For the first time in 300 years, the largest remaining quilombo in Brazil mapped the occupation and natural resources of its territory through georeferencing.
Only half of the Kalunga territory has been officially titled; the rest live at the mercy of garimpeiros and land grabbers - digital mapping will help the community to recognize areas subject to invasion.
In February, the United Nations Environment Program recognized the Kalunga territory as the first in Brazil to join the network of Territories and Areas Conserved by Indigenous and Local Communities (TICCA).
For the first time in 300 years, the largest remaining quilombo in Brazil knows every inch of its territory. Thanks to an unprecedented georeferencing project, the Kalungas were able to map occupation, natural resources, the best land for cultivation and areas under threat of invasions of the 262 thousand hectares of the area where they live, in the north of Goiás.
Located close to the Chapada dos Veadeiros National Park, the Kalunga Historical Site and Cultural Heritage it occupies a stretch of Cerrado known for its great biodiversity and abundance of natural resources - the Kalunga territory has no less than 879 springs, most of which flow into the Paranã River, one of the tributaries of the Tocantins River.
“We now have an important tool for the management and protection of our territory. It will help us to plan our future ”, says Jorge Oliveira, president of the Quilombola Kalunga Association (AQK).
The Kalungas had their lands officially recognized as quilombola territory in 1996, but only 55.3% of the area has been titled so far. This opens space for the rest of the quilombo to be invaded by gold miners in search of gold and semi-precious stones and by land grabbers, who have been illegally clearing native vegetation to cultivate on Kalunga lands.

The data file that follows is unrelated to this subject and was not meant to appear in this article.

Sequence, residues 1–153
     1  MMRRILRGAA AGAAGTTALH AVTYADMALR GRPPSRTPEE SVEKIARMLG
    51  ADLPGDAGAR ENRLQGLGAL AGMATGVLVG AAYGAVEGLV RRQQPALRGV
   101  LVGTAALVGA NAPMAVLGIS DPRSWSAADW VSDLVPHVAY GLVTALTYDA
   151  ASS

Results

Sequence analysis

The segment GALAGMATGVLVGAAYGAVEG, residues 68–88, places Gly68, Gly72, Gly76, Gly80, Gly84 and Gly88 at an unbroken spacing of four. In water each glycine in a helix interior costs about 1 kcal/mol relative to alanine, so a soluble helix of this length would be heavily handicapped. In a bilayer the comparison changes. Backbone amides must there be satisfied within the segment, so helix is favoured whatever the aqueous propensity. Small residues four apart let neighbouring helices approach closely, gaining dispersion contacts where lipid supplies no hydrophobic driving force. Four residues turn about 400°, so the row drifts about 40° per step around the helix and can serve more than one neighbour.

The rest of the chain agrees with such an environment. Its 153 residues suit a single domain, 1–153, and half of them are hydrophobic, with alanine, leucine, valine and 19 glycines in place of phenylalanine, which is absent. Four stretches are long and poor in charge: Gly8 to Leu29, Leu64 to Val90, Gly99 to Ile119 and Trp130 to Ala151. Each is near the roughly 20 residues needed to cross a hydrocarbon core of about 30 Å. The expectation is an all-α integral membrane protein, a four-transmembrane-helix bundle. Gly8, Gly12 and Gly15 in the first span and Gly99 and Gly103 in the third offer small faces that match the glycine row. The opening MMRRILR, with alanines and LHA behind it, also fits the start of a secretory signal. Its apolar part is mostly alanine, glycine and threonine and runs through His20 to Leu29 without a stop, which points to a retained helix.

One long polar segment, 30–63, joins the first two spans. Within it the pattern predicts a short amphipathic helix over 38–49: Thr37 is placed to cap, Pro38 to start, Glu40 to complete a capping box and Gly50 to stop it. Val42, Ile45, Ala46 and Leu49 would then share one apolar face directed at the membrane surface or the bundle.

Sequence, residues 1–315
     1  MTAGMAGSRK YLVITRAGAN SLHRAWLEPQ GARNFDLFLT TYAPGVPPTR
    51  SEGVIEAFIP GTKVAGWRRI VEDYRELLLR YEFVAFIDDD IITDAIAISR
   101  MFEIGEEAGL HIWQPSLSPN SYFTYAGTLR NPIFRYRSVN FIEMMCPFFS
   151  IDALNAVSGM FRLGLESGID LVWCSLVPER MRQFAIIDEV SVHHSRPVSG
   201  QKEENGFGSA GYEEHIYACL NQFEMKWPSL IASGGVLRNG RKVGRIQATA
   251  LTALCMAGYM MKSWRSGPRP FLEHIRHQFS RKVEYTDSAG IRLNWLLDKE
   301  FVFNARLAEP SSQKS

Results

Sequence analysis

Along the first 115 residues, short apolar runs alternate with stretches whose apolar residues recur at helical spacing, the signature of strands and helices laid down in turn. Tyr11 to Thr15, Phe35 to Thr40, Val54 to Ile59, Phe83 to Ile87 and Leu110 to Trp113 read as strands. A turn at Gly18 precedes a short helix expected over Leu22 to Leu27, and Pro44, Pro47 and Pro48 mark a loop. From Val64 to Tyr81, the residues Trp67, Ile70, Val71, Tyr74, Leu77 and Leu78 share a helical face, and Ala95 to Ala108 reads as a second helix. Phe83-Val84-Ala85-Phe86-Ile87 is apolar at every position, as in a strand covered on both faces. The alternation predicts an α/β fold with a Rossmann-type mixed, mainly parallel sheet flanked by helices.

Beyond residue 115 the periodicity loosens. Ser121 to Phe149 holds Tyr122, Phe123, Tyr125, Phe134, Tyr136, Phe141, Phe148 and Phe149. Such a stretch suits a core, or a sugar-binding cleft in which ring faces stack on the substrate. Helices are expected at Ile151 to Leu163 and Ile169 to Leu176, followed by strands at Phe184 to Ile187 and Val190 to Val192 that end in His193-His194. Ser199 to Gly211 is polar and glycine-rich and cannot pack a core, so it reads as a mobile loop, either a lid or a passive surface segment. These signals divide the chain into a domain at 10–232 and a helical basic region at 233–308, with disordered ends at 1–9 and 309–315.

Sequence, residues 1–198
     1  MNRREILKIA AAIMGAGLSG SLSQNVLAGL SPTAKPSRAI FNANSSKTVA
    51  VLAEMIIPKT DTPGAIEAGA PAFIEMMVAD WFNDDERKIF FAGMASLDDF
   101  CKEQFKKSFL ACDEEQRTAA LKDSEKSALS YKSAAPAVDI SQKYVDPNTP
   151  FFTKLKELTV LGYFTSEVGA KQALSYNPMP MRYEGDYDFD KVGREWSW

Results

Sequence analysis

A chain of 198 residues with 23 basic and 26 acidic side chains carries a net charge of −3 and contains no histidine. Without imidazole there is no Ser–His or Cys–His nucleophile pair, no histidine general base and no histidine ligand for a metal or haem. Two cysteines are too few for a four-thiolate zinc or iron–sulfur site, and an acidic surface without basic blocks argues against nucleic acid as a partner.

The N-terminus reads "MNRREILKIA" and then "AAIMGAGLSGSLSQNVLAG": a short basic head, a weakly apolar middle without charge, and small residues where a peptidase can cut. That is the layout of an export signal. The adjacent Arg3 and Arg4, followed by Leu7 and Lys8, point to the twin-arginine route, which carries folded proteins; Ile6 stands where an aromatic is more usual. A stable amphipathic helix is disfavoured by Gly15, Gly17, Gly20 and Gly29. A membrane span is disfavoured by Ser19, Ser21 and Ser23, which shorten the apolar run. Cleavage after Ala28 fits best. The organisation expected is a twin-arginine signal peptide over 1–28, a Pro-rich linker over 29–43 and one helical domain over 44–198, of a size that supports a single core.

Community leaders say that grileiros often register 5 hectares of land outside the territory and then use this legal basis to create a 700 hectare farm, much of which invades the quilombo.
Map to know and protect
To find out which lands could be used for agriculture and which would need protection to defend against current and future invasions, the Kalungas carried out the proper registration and classification of their resources via georeferencing - or digital mapping. The practice consists of using aerial imagery to map a wide variety of soil characteristics with extreme precision using a geographic coordinate system.
Extremely expensive due to the size of the territory, the prospect of aid for mapping became even more discouraging with the election of President Jair Bolsonaro, who has been expressing hostility towards the quilombola people since before the presidential election, arguing that “Even for a breeder he’s no longer useful”.
Before Bolsonaro's election, the Kalungas received an important grant from the Partnership Fund for Critical Ecosystems (CEPF), which is supported by the French Development Agency, Conservation International, the European Union, the Global Environment Facility, the government of Japan and the World Bank. CEPF, created in 2000, aims to promote the conservation of high priority biological areas. In 2018, the quilombola Kalunga Association (AQK) georeferencing project was selected for the program, becoming one of the 60 proposals of its kind in the Cerrado.